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UK Paid £300 Million by Saudi Arabia for Use of British Soldiers in Deadly Weapons Training

Labour MP Zarah Sultana called the finding ‘utterly shameful’ and accused the UK Government of ‘complicity’ in the Saudi-led war on Yemen

Prime Minister Boris Johnson meets Mohammed bin Salman, Crown Prince of Saudi Arabia. Photo: Andrew Parsons/10 Downing Street

UK Paid £300 Million by Saudi Arabia for Use of British Soldiers in Deadly Weapons Training

Labour MP Zarah Sultana called the finding ‘utterly shameful’ and accused the UK Government of ‘complicity’ in the Saudi-led war on Yemen

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The Ministry of Defence has been paid £303.6 million by the Saudi Arabian Government over the past five years for British soldiers and civil servants to support and train the Saudis on how to use the deadly weapons systems it has sold to the Kingdom.

New data shows how – under the Ministry of Defence Saudi Armed Forces Projects (MODSAP) – the MoD, weapons manufacturers, and the Saudi Government work closely together to maintain the Saudi military.

More than 200 British service and civilian personnel – 203 as of 1 April 2021 – work for MODSAP, according to the figures.

In response, Labour MP Zarah Sultana accused the Government of “complicity” in the Saudi-led war on Yemen, which has so far killed tens of thousands of civilians.

The FOI data – obtained by the charity Action on Armed Violence (AOAV) shows that the Saudi Government had paid the MoD more than £60 million each year between the financial years 2016-17 and 2020-21.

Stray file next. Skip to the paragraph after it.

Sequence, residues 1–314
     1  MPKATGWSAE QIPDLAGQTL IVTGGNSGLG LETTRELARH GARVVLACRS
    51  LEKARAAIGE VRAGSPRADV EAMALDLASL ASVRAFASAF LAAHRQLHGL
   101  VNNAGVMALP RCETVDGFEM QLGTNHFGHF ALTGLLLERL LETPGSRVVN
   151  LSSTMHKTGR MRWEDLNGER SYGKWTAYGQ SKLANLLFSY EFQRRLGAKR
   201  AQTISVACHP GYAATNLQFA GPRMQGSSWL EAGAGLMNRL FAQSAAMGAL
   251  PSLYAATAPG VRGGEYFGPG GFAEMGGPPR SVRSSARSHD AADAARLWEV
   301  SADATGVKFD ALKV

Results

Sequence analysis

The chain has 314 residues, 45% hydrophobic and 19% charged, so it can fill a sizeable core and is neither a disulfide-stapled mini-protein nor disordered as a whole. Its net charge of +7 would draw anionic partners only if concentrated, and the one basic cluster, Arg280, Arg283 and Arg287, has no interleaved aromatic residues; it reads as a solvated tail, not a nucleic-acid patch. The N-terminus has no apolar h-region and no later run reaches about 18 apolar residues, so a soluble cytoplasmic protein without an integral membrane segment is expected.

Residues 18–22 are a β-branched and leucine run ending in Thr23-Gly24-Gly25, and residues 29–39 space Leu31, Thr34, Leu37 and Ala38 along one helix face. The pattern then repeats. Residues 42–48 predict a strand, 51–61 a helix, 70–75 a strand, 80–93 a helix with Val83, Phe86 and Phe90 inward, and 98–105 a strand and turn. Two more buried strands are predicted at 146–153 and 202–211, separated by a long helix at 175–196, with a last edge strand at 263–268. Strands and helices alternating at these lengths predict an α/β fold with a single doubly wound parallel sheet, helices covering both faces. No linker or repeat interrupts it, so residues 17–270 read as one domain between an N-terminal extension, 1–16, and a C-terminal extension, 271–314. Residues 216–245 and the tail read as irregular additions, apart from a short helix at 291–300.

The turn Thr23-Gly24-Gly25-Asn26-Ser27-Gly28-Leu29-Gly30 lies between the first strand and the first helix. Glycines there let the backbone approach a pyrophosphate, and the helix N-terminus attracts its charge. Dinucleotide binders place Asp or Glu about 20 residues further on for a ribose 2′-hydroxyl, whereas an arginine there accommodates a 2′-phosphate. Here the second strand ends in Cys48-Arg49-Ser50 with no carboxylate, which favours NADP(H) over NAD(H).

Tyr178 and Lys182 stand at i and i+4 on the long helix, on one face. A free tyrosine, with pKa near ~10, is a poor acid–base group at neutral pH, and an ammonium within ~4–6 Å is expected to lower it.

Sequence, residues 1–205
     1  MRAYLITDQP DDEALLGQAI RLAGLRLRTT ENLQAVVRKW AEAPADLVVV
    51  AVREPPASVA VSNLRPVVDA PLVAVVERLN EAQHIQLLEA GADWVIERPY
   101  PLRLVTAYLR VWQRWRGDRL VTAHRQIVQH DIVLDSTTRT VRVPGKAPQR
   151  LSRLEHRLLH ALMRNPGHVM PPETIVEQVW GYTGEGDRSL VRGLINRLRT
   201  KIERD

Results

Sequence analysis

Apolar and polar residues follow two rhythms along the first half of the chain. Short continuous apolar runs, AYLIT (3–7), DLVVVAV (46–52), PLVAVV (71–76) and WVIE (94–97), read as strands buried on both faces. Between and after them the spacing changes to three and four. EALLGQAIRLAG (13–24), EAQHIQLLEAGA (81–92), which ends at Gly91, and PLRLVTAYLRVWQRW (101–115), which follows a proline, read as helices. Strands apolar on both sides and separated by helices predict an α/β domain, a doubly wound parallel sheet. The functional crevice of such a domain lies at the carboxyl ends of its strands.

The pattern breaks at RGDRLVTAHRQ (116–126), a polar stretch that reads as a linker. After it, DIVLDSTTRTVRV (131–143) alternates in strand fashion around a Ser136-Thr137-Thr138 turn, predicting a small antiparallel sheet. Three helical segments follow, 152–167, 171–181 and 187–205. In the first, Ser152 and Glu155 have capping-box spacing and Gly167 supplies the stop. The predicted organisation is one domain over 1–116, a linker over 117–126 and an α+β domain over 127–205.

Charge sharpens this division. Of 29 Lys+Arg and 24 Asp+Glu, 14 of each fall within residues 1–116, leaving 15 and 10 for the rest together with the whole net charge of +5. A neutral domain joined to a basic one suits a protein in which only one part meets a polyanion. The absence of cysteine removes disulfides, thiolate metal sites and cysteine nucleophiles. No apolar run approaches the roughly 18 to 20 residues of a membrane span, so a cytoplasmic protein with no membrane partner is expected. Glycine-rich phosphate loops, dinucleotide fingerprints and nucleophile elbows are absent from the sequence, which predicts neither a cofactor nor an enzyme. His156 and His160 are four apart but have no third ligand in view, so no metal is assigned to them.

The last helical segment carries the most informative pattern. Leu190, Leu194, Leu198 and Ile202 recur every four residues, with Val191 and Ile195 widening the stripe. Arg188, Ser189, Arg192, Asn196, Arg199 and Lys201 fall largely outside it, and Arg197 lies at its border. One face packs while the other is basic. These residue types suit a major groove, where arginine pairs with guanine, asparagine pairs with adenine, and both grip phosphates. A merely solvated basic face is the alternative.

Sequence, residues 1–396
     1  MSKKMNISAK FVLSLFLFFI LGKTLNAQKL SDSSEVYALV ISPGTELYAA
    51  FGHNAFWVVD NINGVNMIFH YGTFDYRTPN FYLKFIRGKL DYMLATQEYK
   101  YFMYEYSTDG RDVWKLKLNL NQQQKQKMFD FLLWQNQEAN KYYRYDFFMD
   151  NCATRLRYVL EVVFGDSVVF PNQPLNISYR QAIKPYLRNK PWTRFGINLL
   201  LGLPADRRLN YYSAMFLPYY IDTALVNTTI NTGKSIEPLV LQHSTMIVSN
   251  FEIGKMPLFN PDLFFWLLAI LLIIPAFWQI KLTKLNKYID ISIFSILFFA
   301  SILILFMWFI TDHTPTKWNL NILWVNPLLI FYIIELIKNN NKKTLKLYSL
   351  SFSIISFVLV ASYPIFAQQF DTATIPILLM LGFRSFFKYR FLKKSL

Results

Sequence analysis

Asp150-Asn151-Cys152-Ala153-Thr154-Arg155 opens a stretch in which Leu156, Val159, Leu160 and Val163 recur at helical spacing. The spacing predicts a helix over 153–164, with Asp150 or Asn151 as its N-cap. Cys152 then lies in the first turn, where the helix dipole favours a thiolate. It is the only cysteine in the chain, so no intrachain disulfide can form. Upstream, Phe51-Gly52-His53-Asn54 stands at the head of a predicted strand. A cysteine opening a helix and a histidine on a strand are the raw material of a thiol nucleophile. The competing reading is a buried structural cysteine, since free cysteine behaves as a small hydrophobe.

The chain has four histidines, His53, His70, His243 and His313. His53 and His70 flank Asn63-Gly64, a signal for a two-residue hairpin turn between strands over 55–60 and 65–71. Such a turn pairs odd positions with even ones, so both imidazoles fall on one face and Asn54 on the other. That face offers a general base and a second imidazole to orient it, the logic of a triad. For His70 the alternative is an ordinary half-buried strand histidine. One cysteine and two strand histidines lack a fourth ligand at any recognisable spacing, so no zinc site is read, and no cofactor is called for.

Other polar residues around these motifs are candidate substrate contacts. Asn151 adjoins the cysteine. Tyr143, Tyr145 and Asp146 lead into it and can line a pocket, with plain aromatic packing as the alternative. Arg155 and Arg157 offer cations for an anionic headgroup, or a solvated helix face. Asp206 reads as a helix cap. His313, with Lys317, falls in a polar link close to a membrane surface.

The highest-paid employee in the programme is the director, Air Vice Marshall Chris Snaith, who received up to £119,999 a year. One air commodore is paid between £109,368 and £113,794; and two senior civil servants receive salaries within the pay bracket £70,000 to £117,800 for working with the Saudis.

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The Campaign Against the Arms Trade (CAAT) described the £300 million amount as a “very notable figure”, which showed that weapons manufacturer BAE systems, the MoD and the Saudi military are “deeply integrated”.

Dr Sam Perlo-Freeman, research coordinator at CAAT, described the MODSAP scheme as “absolutely critical in enabling [the Saudis] to maintain their war in Yemen over the past seven years”.

“At least 9,000 civilians have been killed in direct attacks on civilian targets,” he said. “They have hit hospitals, schools, marketplaces and agricultural facilities. This raises further questions as to the direct complicity of the UK Government in the atrocities committed by the Saudi-led coalition in Yemen,” he said.

Sultana said that the MoD’s money was “soaked in Yemeni blood”.

“It is utterly shameful for the Conservative Government to take hundreds of millions of pounds from the Saudi regime to run MODSAP, even supplying it with hundreds of British service personnel,” she said.